From today's Annapolis Capitol:
More than 100 people are at work on the final draft report of the Maryland Commission on Climate Change.
Though a small but vocal group of conservative activists charges that the input of all those people isn't affecting much. Rather, they say a consulting firm, the Center for Climate Strategies, is calling the shots and pushing Maryland to adopt a plan that's a carbon-copy of plans passed by other states.
Meanwhile, officials with the state and the center are quick to defend the work as being timely and crucially important."We decided to work with them because they have staff with a lot of expertise on these issues," said state environment Secretary Shari T. Wilson, who also serves as chairman of the climate commission. "They bring to the table the ability to inform us about what different cities, states and countries are doing."
The disagreement started with frustration over the commission's interim recommendations in November, to slash carbon-dioxide emissions in the state and promote energy efficiency.
Then, global-warming critics were galled to find out the center is controlled by another group that makes no bones about its environmental advocacy.
Mark Newgent of Baltimore has written extensively about the center and the climate commission on the Red Maryland blog as well as on his personal blog. He said Maryland is getting a raw deal by "essentially farming out its policy discussions to an advocacy group."
Mr. Newgent said he's not sold on the idea that humans are causing global warming. He also said he thinks the commission's process wasn't carried out in a forthright manner.
"I'm nitpicking at the process because we're supposed to have transparent and open government," he said.
He said he is further irritated by the fact that when he filed a Public Information Act request for documents about the center and the commission, the Maryland Department of the Environment told him he'd have to pay $1,381.40 to get copies.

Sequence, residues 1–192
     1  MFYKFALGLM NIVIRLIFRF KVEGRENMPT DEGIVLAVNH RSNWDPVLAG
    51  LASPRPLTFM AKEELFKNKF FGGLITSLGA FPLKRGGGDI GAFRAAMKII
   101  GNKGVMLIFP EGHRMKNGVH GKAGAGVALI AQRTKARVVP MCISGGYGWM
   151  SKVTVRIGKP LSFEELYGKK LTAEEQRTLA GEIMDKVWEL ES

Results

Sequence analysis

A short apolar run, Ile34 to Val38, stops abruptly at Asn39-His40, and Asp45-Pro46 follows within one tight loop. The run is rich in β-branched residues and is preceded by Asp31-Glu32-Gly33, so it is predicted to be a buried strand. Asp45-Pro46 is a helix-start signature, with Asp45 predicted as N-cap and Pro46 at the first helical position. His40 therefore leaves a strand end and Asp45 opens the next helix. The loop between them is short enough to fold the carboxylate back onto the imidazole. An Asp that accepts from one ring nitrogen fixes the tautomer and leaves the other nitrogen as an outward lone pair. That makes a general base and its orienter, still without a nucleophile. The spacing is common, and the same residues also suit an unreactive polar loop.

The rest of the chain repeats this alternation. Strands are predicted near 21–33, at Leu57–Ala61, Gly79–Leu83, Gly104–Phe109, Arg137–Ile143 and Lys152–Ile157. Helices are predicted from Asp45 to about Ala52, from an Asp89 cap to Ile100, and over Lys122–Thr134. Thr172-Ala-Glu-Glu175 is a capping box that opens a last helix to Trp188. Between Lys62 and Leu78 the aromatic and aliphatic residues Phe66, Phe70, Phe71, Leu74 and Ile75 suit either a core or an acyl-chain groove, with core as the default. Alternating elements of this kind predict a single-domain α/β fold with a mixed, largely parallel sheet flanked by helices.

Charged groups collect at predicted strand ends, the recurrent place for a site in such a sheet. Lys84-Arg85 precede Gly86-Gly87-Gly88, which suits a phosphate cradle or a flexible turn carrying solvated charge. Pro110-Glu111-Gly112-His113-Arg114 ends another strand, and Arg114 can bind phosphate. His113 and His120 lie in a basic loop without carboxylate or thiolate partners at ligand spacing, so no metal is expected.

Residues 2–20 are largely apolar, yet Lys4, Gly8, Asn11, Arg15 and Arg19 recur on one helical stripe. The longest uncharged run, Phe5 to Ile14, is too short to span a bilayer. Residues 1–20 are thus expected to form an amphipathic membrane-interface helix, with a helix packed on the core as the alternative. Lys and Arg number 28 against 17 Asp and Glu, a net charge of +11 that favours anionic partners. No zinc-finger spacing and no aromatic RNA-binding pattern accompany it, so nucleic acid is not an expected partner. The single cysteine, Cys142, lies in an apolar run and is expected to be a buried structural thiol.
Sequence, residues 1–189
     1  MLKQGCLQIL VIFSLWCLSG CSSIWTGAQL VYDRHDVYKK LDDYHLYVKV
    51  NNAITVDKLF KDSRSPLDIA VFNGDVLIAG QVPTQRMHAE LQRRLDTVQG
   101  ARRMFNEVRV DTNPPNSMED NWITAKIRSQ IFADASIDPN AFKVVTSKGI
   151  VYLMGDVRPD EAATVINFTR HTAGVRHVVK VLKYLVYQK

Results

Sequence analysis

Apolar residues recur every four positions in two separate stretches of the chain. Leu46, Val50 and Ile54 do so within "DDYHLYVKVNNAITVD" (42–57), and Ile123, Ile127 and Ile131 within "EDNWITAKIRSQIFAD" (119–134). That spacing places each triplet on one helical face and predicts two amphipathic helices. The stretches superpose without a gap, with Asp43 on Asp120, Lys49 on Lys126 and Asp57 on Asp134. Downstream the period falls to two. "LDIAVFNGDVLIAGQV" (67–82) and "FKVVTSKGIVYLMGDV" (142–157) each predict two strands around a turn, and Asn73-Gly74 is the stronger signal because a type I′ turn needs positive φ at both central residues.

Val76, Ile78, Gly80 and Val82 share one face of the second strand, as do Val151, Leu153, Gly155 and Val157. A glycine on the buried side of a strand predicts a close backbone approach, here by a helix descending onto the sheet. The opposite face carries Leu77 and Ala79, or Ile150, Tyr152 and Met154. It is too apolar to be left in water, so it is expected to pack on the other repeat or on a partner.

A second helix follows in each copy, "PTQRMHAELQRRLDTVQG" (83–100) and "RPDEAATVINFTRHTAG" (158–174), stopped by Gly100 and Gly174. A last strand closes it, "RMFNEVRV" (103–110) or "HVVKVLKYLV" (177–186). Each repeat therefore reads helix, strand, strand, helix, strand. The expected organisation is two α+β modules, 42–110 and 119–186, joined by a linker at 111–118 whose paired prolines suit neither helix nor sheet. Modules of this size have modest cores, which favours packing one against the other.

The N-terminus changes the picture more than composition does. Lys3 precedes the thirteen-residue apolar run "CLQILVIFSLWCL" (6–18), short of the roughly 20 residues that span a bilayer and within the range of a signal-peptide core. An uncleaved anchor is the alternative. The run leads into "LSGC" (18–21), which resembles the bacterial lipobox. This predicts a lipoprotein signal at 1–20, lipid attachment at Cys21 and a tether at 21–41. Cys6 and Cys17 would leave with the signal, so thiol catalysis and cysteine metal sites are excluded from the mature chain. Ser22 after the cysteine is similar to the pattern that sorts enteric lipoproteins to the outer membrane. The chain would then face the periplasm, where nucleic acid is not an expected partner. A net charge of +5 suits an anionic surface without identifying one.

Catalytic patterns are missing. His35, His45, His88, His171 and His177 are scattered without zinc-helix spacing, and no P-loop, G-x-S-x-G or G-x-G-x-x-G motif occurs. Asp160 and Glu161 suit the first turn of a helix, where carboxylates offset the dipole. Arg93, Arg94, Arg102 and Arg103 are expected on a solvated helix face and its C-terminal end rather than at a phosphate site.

David K. Kyle of Pasadena once ran for the state Senate as a Republican, and now he's a "conservative independent," he said. He, too, said he doesn't like what he's hearing about the climate commission and the center.
He said he laments that the commission didn't entertain discussions about global-warming science. There are too many questions about global warming to jump into coming up with ways to combat it, he said."
Their mind was already made up," he said.
Maryland has not paid for the center's work. When the center works with states - 25 and counting - it often brings its own funding.
That's what has some activists concerned - they say that funding comes from left-wing organizations and colors the process.
The center's Executive Director Thomas D. Peterson didn't say who is funding the work in Maryland, but said the donors don't influence the work that's being done."
We take the objectivity of our work very seriously," Mr. Peterson said.
To ensure the report's objectivity, he said donors must give the money with "no strings attached" and that there are enough funding sources so that no one source controls a majority of the money.
He said the private funding is needed because many states have an interest in developing climate plans but don't have the money to pay for it.
"Most states are broke," he said. "It's very difficult for states to mobilize funding for new initiatives if they're not mandated and fully funded."
Paul Chesser, a North Carolina activist who has been working to discredit the center on behalf of the conservative John Locke Foundation, said the center is putting on a repeat performance in state after state.
"They're all the same policy ideas," he said.Mr. Peterson said his staff has come up with more than 300 possible ways states can reduce greenhouse gases. Each state typically picks about 50 that will work best based on their sources of emissions.
The state commissions "want to learn from what other states have done, but they want to do something that is tailor-made to their state," he said.
Ms. Wilson, the state environment secretary, said tapping into the center's expertise helped speed up the commission's process.
Ms. Wilson said the allegations that the center pushes its own ideas on the commission are false.
It's not clear whether the concerns about the center will have any effect on state lawmakers, who will consider several bills that include one of the key recommendations of the climate commission.
The central focus will be on the Global Warming Solutions Act, which would require the state to slash emissions and set up a cap-and-trade program for major sources of greenhouse gases.
The bill faces an uncertain future. It died without action last year, and so far this year, it hasn't gained the public support of the governor or the leaders of the Senate or the House of Delegates.
Mr. Newgent, the blogger from Baltimore, acknowledges there's likely nothing that can be done about the center's consulting deal. But he thinks the Global Warming Solutions Act can be stopped.
"I hope it's not too late," he said.